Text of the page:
this place stinks of insincerity

  1. Catherinecostelloe

    ” The DPP queried how ms D’s parents could have reached the conclusion that a sexual assault had occurred even as described” is worth noting in the circumstances .

  2. Kenny U-Vox Plank

    How about this one?

    Frank Fitzgibbon‏ Verified account @FrankSunTimes Jul 15

    ST News: Daily Mail journo accused of being conduit for Garda boss to smear Maurice McCabe denies allegation in private session at tribunal

  3. Kenny U-Vox Plank

    Or this?

    Charleton Tribunal: ‘Ms D’ had ‘personal grievance’ against Sgt McCabe

    The woman who alleged she was sexually abused as a child by Garda whistleblower Sgt Maurice McCabe has said she wanted the public to know that there was “another side to the man”.
    The witness, who is being described as Ms D, said she grew upset in 2013 as Sgt McCabe’s case became prominent in the media.
    “I was furious. I was fed up of listening to him being portrayed as an honourable man. I wanted to vent.”


    1. Biggins

      are you saying all potential sexual assault victims should be identified? the right to the protection of their identity shouldn’t exist anymore???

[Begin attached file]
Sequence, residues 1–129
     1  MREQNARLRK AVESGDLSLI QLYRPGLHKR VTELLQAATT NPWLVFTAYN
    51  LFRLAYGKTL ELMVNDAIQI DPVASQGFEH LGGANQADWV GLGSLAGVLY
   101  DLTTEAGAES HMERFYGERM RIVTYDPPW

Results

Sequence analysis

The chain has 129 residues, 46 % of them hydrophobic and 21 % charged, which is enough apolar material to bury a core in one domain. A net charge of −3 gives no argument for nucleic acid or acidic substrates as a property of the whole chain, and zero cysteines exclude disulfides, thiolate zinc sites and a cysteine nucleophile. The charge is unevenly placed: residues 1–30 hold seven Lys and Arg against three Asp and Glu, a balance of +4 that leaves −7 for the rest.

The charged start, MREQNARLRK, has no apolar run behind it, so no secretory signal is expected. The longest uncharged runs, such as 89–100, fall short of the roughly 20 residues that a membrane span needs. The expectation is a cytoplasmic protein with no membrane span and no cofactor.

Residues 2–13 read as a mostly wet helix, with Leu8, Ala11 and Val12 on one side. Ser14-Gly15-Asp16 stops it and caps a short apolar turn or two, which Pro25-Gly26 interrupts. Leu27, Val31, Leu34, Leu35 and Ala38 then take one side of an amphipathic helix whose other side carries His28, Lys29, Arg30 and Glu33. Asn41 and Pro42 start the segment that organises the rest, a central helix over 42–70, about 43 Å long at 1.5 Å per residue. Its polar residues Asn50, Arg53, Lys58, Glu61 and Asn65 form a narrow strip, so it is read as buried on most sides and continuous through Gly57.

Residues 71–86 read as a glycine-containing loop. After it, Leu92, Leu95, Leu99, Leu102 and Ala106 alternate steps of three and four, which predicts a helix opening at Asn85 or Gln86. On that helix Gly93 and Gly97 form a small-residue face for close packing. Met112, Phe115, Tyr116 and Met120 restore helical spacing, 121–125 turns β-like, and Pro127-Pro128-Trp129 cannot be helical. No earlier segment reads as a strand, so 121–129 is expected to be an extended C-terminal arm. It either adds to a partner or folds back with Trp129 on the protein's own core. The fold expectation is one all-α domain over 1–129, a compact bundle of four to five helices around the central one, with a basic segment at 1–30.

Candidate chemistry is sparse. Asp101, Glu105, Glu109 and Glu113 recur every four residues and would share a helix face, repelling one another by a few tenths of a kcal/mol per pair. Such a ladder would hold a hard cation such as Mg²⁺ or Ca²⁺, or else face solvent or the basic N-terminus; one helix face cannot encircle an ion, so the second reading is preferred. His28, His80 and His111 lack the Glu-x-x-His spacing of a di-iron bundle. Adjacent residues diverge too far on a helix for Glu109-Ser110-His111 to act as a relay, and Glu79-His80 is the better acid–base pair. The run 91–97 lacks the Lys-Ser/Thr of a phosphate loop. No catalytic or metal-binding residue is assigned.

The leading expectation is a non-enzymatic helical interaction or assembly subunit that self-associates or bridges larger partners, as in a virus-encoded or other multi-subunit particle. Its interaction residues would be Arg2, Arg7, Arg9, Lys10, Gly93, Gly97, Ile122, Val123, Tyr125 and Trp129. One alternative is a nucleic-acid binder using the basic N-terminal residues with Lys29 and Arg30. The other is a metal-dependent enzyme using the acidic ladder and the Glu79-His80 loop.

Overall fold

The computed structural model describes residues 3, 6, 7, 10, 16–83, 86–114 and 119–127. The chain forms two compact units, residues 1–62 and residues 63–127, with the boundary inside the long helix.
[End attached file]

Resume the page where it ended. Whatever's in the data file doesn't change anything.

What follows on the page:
I am a fan of what McCabe has done, the more whistle blowers the better. And despite the allegations, the presumption of innocence applies.

      But what we’re seeing here from posters is what would be called victim blaming in any other situation and is what they would doubtlessly condemn in any other situation. Mccabe may have done the state some service and still be guilty.

      Typical HYPOCRISY and INSINCERITY on this site that their heroes shouldn’t be subject to the same scrutiny as any other citizens and certainly not as much as the establishment.

      Do you want things to be better at all? It doesn’t appear so.